In several parts of the Gospel, Jesus invites us to be vigilant while waiting for his arrival. How will he come? How can he come to us if we are meant to die before his coming in glory?
It is true that we will meet the Lord when we die. Nevertheless, Jesus comes to us in several ways while we await him, doing our work and living our lives.
Our work (v. 34). One aspect of our commitment to Christ is our commitment to the Christian community, to our Church. This means our participation in common prayer, in the eucharist, in catechesis and other similar events. As we participate in these commitments there is not only one but several "comings" of Christ. We see his coming in those of our brothers and sisters who are converted; he comes to us giving us strength and wisdom; he comes to us through prayer, giving us the inner certainty of his presence.
He also comes in our day today living. The prophets have said time and again that the events that bring renewal and growth in values also bring the Lord. At times, he comes in his resurrection, through happy events that bring life and joy, and more justice and hope for the poor. At other times, he comes through his passion and death.
Precisely because Jesus comes in our daily history, we have a commitment to him to serve our contemporary world.
Be alert, for many begin with generosity, but afterwards they lose sight of the goal and turn out to be mere administrators and activists.
They are committed to works and movements but not to the Lord himself. That is why their life is full of contradictions. For a time they perform marvels and suddenly they fail. They do useful things, but are not aware of the moment they should stop them and follow another path. They do their own work, but do not let the Lord take over their mind, their heart, their whole life.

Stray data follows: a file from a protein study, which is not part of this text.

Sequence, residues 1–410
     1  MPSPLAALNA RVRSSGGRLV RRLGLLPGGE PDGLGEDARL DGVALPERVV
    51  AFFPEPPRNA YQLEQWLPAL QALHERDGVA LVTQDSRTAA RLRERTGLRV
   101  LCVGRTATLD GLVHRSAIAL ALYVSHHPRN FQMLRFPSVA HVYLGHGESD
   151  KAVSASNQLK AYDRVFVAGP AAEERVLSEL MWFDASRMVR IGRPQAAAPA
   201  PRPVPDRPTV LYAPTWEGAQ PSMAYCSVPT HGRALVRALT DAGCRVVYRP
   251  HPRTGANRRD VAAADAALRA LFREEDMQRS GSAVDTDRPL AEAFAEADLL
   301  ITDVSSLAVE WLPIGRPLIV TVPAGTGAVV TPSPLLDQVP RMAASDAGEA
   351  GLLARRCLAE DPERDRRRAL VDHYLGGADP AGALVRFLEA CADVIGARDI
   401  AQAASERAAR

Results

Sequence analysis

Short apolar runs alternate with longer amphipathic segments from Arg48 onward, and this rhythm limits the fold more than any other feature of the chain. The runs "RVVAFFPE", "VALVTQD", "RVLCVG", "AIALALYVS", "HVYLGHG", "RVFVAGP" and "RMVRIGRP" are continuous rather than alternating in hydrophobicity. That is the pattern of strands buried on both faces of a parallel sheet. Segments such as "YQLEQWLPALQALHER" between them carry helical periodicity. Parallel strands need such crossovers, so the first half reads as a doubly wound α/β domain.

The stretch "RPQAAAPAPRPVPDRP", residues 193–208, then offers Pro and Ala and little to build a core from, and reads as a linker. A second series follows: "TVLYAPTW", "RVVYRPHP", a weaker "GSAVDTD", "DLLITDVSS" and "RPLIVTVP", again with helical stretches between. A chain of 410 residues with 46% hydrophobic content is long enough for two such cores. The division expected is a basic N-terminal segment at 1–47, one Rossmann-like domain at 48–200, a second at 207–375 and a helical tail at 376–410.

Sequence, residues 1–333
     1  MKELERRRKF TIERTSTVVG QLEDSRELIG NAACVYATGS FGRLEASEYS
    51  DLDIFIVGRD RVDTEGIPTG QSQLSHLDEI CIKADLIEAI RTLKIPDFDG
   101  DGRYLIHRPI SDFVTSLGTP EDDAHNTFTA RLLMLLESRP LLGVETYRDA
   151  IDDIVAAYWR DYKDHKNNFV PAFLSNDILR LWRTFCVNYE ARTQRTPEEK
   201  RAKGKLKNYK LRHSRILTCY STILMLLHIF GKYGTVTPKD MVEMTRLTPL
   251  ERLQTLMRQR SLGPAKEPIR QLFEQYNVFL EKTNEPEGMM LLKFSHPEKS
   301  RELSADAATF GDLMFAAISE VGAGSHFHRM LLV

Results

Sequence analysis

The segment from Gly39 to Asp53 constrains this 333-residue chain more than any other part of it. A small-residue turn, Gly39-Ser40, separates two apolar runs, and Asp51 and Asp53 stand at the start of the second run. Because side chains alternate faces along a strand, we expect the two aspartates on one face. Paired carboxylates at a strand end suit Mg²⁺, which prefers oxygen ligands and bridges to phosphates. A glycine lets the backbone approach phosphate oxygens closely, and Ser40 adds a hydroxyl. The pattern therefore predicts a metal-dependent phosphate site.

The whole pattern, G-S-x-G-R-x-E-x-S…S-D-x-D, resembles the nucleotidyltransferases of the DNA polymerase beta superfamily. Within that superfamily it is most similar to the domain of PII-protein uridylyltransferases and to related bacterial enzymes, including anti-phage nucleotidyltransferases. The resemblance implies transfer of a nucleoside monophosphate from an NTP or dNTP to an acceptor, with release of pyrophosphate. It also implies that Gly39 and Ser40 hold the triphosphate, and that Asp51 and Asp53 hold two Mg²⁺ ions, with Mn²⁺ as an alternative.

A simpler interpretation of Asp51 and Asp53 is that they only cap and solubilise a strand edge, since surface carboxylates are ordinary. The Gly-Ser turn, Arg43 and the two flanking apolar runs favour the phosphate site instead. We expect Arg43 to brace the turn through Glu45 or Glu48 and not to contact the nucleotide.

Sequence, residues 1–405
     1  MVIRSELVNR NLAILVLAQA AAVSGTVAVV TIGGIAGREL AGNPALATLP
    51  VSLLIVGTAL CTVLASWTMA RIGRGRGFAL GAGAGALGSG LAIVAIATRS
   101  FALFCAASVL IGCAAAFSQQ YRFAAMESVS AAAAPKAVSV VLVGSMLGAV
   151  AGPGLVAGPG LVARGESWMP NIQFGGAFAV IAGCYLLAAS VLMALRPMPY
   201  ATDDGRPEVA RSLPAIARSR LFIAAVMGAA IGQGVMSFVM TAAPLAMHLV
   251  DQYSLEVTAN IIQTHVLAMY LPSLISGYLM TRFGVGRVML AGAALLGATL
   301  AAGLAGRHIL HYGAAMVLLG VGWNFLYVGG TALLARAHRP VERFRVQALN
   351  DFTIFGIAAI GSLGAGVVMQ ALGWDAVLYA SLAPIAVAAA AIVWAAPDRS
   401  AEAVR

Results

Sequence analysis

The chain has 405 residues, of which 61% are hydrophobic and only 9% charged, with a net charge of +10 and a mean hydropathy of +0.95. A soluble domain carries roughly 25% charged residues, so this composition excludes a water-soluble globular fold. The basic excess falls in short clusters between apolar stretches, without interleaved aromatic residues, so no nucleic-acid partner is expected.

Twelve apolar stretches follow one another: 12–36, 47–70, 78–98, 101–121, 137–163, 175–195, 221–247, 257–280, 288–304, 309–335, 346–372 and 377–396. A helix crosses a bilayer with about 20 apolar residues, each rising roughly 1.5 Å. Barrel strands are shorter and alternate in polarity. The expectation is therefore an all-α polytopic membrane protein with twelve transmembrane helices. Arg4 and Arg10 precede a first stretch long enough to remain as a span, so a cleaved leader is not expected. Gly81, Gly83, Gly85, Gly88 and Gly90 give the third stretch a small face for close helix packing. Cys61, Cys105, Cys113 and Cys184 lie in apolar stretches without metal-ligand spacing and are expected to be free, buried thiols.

This does not happen to those who are alert: through them Christ comes to people.
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1. Each of us is responsible for engaging the world for the sake of its wholeness. Down through the years these have fallen into some form of "Works of Piety" and "Works of Mercy". They do interact and inform one another, but when push comes to shove we can't tell the effect of our piety but we can see the result of our mercy. People are better off.
It is in this sense that we are able to follow John Wesley in his sermon On Zeal and give up any pietistic works if a work of mercy presents itself.
2. A fig tree is a symbol of the nation of Israel. Your deepest desire can be symbolized as a fig tree that tells the seasons and brings forth nourishment from dry soil to feed the hungry. Remember the imagery of the fig tree that did not feed the hungry back in the bankruptcy of Israel in Chapter 11.
Use this image of the fig tree as a test of how you are doing in reflecting the season of forgiveness and nurturing others. This will be a test for us all the way through Mark as we hear Mark remark on what happened back then in light of what was going on in his time and touches us to this day.
3. "...the cosmic signs are here correlated to the destruction of the empire. This use of cosmic symbolism to speak of the destruction of an evil empire may be derived form Babylon itself with its reliance upon an astrological cult. But in Isaiah this astrological symbolism is turned against Babylon to announce that the God who destroys the arrogant and merciless empire is coming. This message could not have been lost on Mark's attentive reader. It is the promise that the cruelty of the empire that they face will be overcome by the coming of God. Mark's message is a subversive one in its assurance that the current empire must suffer the same fate as previous ones and must suffer that fate for the same reason, its cruelty and injustice." [from The Insurrection of the Crucified: The "Gospel of Mark" as Theological Manifesto by Theodore W. Jennings, Jr.]